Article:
One day, he walked into a dentist’s clinic healthy and, after a very negligent treatment, he woke up the following day with Cervical Dystonia and a collapsed skeletal structure.

The following pictures compare how the dental occlusion of the patient looked when he walked into the dentist’s clinic with the collapsed vandalized occlusion that I was left with after the treatment.


It is worth noting that this dentist had a reputation and thought of himself as an expert in occlusion and posture.  He was convinced that the only healthy way of a mouth to close is with purely vertical forces bewteen opposing teeth. Since the patient’s mouth did not close according to his theory, he vandalized it by drilling away contacts that produced lateral and diagonal forces between 9 teeth of the opposing arches.

The next picture shows how the patient was left a few days later -dystonic- with a lateralized and twisted mandible. His head was turned and shifted to the left with involuntary muscle contractions and the barycentre of the weight of s hiskull was no longer on thecentral axis of the skeletal  structure. His skull had started sinking.


It is clear by comparing the two pictures that the patient had a skeletal asymmetry, but the whole system was balanced and in equilibrium. Forces between the mandible and the skull were clearly diagonal. As a matter of fact, before the negligent dental treatment he was actively practicing sports, running 10 km. and swimming 1 km. several times per week. At the age of 42, I was arguably in  the best physical shapes that he had ever been in his life, or close to it.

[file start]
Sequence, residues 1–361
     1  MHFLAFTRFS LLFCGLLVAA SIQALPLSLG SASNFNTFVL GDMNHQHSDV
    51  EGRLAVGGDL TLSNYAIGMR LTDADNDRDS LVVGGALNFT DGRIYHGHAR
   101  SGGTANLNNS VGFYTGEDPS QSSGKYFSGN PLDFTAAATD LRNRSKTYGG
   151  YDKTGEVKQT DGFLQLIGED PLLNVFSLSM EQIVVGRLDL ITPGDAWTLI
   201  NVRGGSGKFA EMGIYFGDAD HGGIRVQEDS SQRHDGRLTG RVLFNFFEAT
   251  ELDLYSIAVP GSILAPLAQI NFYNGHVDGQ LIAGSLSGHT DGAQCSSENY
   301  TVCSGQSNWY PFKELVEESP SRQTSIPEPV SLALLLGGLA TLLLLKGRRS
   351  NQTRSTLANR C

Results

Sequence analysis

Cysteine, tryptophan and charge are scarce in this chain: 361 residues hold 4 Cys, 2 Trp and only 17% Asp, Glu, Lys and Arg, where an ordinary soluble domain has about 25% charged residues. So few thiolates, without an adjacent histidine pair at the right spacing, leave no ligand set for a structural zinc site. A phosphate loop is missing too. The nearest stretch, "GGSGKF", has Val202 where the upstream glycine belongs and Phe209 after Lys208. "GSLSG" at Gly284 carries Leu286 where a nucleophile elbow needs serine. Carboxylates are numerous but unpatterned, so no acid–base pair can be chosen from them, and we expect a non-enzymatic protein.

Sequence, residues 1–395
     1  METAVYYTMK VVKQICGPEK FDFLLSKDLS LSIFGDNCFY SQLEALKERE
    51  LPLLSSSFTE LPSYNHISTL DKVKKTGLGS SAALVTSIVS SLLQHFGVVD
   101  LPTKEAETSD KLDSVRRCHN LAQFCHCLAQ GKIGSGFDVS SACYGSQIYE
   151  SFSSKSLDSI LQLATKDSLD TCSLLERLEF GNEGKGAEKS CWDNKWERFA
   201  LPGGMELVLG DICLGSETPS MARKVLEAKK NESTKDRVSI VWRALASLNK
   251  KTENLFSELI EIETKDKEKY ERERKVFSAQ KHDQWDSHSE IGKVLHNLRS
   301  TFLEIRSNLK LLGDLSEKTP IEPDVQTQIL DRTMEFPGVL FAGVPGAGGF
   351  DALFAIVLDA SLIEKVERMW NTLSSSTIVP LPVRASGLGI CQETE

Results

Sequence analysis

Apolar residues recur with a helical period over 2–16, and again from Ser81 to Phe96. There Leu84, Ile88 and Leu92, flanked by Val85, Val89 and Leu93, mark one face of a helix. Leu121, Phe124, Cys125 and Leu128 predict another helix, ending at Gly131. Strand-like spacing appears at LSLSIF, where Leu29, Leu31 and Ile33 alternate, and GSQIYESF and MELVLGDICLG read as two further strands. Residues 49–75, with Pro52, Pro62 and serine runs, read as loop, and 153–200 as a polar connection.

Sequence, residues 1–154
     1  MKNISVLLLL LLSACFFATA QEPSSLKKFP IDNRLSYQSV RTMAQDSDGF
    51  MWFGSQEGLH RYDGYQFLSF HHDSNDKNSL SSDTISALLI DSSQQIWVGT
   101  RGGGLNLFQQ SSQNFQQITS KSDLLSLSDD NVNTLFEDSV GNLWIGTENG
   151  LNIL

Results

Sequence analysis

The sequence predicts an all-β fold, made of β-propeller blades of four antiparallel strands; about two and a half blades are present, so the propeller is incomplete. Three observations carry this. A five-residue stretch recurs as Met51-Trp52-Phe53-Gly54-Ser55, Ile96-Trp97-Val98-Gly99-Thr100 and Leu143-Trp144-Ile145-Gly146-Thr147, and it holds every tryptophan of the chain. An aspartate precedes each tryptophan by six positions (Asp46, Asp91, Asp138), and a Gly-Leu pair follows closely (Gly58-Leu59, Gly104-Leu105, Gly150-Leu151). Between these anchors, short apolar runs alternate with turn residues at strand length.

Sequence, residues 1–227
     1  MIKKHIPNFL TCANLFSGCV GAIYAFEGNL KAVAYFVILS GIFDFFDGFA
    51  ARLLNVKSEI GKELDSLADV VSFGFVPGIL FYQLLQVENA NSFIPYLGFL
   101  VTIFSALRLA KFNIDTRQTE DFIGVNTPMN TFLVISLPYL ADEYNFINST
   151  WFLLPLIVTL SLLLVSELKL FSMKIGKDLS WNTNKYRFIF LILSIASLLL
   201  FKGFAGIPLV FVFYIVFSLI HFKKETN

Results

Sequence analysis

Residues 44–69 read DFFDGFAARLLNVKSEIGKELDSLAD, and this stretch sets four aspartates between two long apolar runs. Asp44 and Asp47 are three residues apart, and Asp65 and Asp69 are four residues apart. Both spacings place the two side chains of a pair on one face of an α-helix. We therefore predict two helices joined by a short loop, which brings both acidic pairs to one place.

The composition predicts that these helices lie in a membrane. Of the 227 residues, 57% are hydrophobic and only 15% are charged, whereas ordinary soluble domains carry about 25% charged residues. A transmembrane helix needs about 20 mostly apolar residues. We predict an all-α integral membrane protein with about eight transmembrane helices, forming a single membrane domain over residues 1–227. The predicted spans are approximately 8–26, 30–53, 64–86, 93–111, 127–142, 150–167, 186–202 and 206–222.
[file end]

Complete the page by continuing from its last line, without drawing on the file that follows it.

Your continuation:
In the next picture we compare the previoss balanced body with the descending consequences of the sinking skull as the body tried to adjust to this iatrogenic dental trauma.


Before and after a very negligent dental treatment

Additional Evidence of the Dental Connection of Dystonia

The patient had a set of two orthodontic invisalign retainers that reproduced his occlusion at the end of an orthodontic treatment that he had endured 10 years before.



When he slept with the invisaligns, all the symptoms of Cervical Dystonia went into remission and, within a few weeks after the iatrogenic dental trauma disappeared compeletly. Closing the mandible with the invisaligns in place caused the Atlas (the first cervical vertebra – C1) and the Axis (second cervical vertebra -C2) and pelvis to move and re-align themselves with the skull and spine.

In the following two years, the patient visited and consulted with some of the best dentists of Spain and Europe. None of them was familiar with the symptoms and characteristics of Cervical Dystonia. None of them even tried to reproduce the occlusion of the invisaligns he was using because, in their view, it was “wrong.” They all followed different philosophies as to where and how the mandible should occlude with the maxilla and the correct shape of teeth.